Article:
When selling or trading gold it is usually easier to use gold in popular forms and weights, so most investors will benefit from paying a higher price in exchange for gaining ease of use and resale. Prices of gold are usually cyclical, though, which is something to consider when buying or selling. As interest rates rise, gold prices usually sink, so the best time to buy gold is usually when interest rates are high.
The Canadian Maple Leaf and American Eagle gold bullion coins are the easiest to buy and sell in North America, and the 22-karat American Eagle is generally the simplest way to go for an American investor. The U.S. government guarantees the weight and purity of American Eagle coins. They come in various face values such as $5 and $20 coins, but that is based on the official value the government establishes for the coin itself and does not account for how much it is worth if you melt it down and price the actual gold. For that reason you should expect to pay many hundreds or thousands of dollars more than the face value of the coin because the more attractive value depends on the weight of the gold inside the coin.
Shop around for a reputable dealer with the lowest markup to price your gold’s value. Gold values can fluctuate constantly, but you can determine what the current price-point is by referencing various financial sources, such as the Wall Street Journal. You can visit the website of the U.S. Mint and use their search tool to locate authorized sellers in your area. Just be sure to store your gold securely, such as inside a bank safe deposit box.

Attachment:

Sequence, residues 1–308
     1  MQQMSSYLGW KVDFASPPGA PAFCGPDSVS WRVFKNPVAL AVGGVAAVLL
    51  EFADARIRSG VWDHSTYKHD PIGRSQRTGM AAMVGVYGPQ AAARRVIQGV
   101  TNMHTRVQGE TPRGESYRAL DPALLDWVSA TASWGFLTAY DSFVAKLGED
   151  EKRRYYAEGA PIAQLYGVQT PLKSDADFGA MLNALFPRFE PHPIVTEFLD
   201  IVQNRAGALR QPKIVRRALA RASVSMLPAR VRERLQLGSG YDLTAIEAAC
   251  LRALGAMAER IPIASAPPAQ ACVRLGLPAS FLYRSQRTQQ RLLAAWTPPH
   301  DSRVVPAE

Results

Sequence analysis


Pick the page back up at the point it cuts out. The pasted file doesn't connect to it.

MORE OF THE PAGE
As with most investments, the best strategy is usually to buy as cheap as possible and then hold on to the investment for the long haul. That way you can average out market fluctuations and keep accumulating gold during the phases when prices drop, while the value of your assets grows when the demand for gold soars. At that time is when you may want to sell and turn your potential profits into cold cash.
Other Ways to Invest in Gold
Investing in gold does not always mean buying precious metal, so it’s important to understand the various options available before you stake a claim. Some investment options include:
- Retirement accounts. Gold can also be included in a retirement account. This is a great way to really secure your savings since it can’t be debased or printed, but this method also diversifies your portfolio.
- Exchange Traded Funds (ETFs). This is a type of mutual fund that trades on a stock exchange like typical stock. This is an easy way to invest in whole portfolio companies that mine, process, or sell gold to industrial customers as well as the retail public.
- Mutual funds. Shares of many large domestic and international companies in the gold sector trade on the major stock exchanges, so it is possible to buy their stock directly. This is good for those who don’t want to invest in physical gold.
Keep in mind that when buying shares in a company that participates in the gold sector, you have no actual stake in their gold; instead, you are buying shares in the operation itself. As with any stock purchase, the value of the investment will depend upon a variety of factors and changes in the stock market.
Consider such things as how well the company is managed, how much of the market it dominates, what its profit margins are, how much revenue it generates, and whether or not it pays cash dividends to stockholders.